Threats of potential financial terror are now yielding bailouts of almost anything and anyone globally.

We are now back nearing fall 2008 levels, in terms of government and central bank market interventions.

Late last week, we ended our market update wondering what US Treasury Secretary Steve Mnuchin meant by providing Unlimited Liquidity to the financial markets.

Now we are starting to see trillions of commitments by this administration and other financial authorities around the world.

Here are just some of the headlines from this week regarding escalating overnight REPO loans, and those are the primary dealer banks who may be involved in this festering and financially troubling situation.

Perhaps bondholders may want to look back to the post WW2 high US dollar debt level era to see who took the largest haircuts back then as inflation melted away much of the battle accrued debts.

The private Federal Reserve has not had time to update its FRED balance sheet charts but this data here shows they are actively taking more items in their books.

Here is how their FRED chart will look by the time they get around to updating it.

With this current dire economic situation, we will likely see their balance sheet more than double in the coming years.

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Word out of the Royal Canadian Mint this week is their bullion production facility and the entire staff will be taking a minimum two hiatus for their personal safety.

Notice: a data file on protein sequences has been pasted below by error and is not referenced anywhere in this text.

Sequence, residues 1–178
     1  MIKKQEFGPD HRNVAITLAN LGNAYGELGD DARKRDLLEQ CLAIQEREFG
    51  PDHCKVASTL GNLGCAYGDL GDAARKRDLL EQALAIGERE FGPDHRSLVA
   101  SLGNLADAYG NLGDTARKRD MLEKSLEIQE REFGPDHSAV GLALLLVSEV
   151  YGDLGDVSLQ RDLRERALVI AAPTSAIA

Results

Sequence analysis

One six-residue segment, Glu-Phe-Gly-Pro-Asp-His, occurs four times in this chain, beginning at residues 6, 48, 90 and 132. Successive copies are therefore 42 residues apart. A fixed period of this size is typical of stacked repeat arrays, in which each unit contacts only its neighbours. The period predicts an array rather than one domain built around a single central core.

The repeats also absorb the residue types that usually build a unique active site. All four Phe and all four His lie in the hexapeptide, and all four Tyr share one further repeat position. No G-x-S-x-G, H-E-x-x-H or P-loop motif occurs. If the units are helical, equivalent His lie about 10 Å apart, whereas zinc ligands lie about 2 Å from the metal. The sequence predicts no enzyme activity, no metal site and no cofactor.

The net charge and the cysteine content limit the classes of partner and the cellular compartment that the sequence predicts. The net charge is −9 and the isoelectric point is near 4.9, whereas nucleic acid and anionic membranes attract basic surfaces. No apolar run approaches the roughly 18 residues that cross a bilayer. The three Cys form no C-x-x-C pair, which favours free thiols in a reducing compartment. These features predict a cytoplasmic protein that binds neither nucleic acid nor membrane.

As you likely well know by now, the physical precious metal bullion industry is lacking in bullion supplies all while demand remains at very high levels.

This current silver bullion product shortage situation has now bled over into vanishing platinum and gold bullion supplies as well. 

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The COMEX driven spot prices for gold and silver continue to approach a not since the 1930s Great Depression high, now nearly 120 gold-silver ratio at the moment.

Yet there is virtually nowhere in the world where you can trade 1 oz of gold bullion for 120 oz of silver bullion or for that matter too, 1 ounce of gold bullion for almost  2.5 ounces of platinum bullion.

The best ‘free-market’ data we have currently on the American Gold Eagle vs American Silver Eagle coin sales ratio is showing a current GSR of around 83. It was even lower only a few days ago.

And while there may be about a year and a half worth of annual Indian silver import volumes sitting in current COMEX warehouses. Hard to say at what silver spot price much of the lighter green pile will convert to a darker green and possibly get withdrawn from that leveraged fractional reserved supposed silver price discovery process.

Another question comes to mind, who would be able to work and actually have the immediate capacity converting those non-homogenous 1,000 oz silver bars in silver bullion products investors and dealers would like to have on hand today.

Next week we’ll be back to talk about the ongoing ramping fiat currency fueled bailouts.

We will see if this US stock market bounced, or if it will just continue devaluing to gold bullion as this trend looks set for the decade to unfold.